When most people think of a solar panel, they think of large modules with bulky electrical equipment. While solar panels can save a house or smaller commercial building a lot of money, bigger buildings, like New York City’s iconic skyscrapers, don’t receive the same cost-benefit ratio as their smaller counterparts.
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But thankfully, there is a startup making solar energy more versatile with windows. They’re already using their new solar window technology on a commercial application: a Dutch bank’s headquarters. The solar panel windows look exactly like regular windows—they’re fully transparent. The windows consist of small solar cells installed in the edges at a specific angle.
The startup, named Physee, wants to make modern commercial and housing estates energy neutral. Co-founder and CEO Ferdinand Grapperhaus says, “Large commercial estates consume a lot of energy. If you want to make these buildings energy neutral, you never have enough roof surface. Therefore, activating the buildings’ facades will significantly contribute to making the buildings energy neutral.” He says that the cost of the wiring bringing power from the grid to windows is considerable in large commercial estates. As a result, investing in power-generating windows would make commercial sense.
Small Changes Make A Big Impact
Physee first revealed their innovative product, the PowerWindow, in June. The bank who generously allowed to be the pilot program is the headquarters of Rabobank, the Netherlands’ biggest bank. The bank now sports 323 square feet (30 square meters) of the solar panel windows. Physee says that the bank employees can charge their phones through USB ports connected to the windows.
According to Grapperhaus, the windows could generate anywhere from 8 to 10 watts of power. Furthermore, the cells work in the spacer of double- and even triple-paned windows. “This enables the user to charge a phone per every square meter [11 square feet] two times a day,” he says.
Solar Panel Windows of the Future
This pilot program has made Physee popular, and other companies in the Netherlands have also approached Physee to use this new technology. The new type of solar panel windows won Physee a spot on the World Economic Forum’s 2017 Technology Pioneers list. The list consisted of 30 firms developing various technologies, including artificial intelligence, cybersecurity solutions, and biotechnology.
Grapperhaus said Physee’s presence on the list shows that the world is starting to take climate change seriously, and that “ten years ago, sustainability was something that wasn’t taken very seriously. Not by venture capitalists, not by many governments and neither by large corporations. What I have seen over the last three years is that corporations are becoming more and more responsible, and governments are becoming more and more supportive. And venture capitalists are becoming more and more interested [in sustainability].”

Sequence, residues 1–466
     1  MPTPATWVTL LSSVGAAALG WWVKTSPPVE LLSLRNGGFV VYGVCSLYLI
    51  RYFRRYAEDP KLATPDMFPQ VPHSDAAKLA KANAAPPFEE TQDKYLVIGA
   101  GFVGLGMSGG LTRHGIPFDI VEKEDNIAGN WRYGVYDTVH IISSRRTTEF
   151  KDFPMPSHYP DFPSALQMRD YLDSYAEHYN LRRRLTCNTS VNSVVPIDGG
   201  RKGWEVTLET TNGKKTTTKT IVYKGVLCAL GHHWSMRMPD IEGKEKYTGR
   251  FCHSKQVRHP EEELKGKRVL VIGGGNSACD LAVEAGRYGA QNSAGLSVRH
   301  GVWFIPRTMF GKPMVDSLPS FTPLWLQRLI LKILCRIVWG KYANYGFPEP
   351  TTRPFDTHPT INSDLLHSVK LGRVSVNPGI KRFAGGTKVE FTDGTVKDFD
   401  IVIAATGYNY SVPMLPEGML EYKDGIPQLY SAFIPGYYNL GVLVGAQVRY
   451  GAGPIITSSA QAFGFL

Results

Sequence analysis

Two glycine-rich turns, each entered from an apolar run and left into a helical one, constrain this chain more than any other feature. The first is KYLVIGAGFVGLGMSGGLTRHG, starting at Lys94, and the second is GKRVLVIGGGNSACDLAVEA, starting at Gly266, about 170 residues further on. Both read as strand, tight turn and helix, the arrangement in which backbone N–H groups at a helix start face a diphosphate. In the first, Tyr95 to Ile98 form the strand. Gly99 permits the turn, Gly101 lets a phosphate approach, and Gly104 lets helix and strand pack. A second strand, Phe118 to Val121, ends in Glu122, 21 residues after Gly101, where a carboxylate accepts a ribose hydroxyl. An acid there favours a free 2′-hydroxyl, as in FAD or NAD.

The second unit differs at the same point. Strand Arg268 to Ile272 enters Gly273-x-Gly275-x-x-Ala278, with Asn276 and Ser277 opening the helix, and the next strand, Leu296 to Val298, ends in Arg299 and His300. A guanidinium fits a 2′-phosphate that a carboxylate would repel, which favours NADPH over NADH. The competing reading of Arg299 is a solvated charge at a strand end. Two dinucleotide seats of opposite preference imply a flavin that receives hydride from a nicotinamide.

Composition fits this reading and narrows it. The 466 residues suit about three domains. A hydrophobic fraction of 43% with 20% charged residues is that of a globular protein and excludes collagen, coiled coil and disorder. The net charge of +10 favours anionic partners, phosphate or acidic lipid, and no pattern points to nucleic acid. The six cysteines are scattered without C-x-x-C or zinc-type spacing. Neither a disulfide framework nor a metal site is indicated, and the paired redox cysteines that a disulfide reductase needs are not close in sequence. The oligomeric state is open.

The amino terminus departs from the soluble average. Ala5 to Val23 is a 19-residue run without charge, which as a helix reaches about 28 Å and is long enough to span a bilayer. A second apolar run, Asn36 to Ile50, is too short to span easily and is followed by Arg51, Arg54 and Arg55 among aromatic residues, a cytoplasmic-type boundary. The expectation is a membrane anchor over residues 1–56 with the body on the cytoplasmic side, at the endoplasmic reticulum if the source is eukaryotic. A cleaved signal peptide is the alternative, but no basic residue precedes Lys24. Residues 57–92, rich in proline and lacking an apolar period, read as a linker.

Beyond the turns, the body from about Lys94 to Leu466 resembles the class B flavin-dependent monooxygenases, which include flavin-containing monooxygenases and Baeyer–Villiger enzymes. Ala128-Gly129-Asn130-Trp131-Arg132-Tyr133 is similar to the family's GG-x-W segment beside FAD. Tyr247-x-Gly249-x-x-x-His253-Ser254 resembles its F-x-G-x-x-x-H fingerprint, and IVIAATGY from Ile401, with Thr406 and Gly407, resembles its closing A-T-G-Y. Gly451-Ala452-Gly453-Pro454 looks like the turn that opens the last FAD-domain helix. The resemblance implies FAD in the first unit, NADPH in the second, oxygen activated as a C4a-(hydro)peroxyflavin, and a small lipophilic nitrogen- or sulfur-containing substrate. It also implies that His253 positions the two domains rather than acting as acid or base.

In late June, Amsterdam-based charity the Postcode Lottery had PowerWindows installed. Soon, Physee moves forward with its first large-scale project: a 19,000 square foot (1,800 square meters) installation. The new installation will be in the Bold Tower, a large residential complex in Amsterdam.
I believe that every new type of glass needs power.
New Innovations Accelerating Tomorrow’s Technology
Physee is currently working on the next-generation technology to triple PowerWindows’ efficiency. They plan to coat the second generation of windows with a special material—based on the rare-earth metal thulium. During their time at the Delft University of Technology, Grapperhaus, with his friend Willem Kesteloo, discovered the ability of thulium to transform oncoming visible light into near-infrared light. Consequently, the near-infrared light is transported toward the solar cells in the windows.
Grapperhaus explains it in a more elementary way: “It works similarly to a [glow-in-the-dark star]. The difference is that the glow star emits the green wavelength, but the coating on our windows emits light in near-infrared wavelength.”
“Over time,” Grapperhaus says, “our efficiency will improve further due to the development of better solar cells but also because of the economies of scale.”
Right now, we are looking for iconic projects all over the world to show that a large glass building can be made energy neutral in an aesthetic way.
Because Physee wants everything to work smoothly across large buildings, building management can also get a top-level view. Their dedicated app, EESY, communicates important PowerWindows information, like electricity generated, money saved, and battery performance.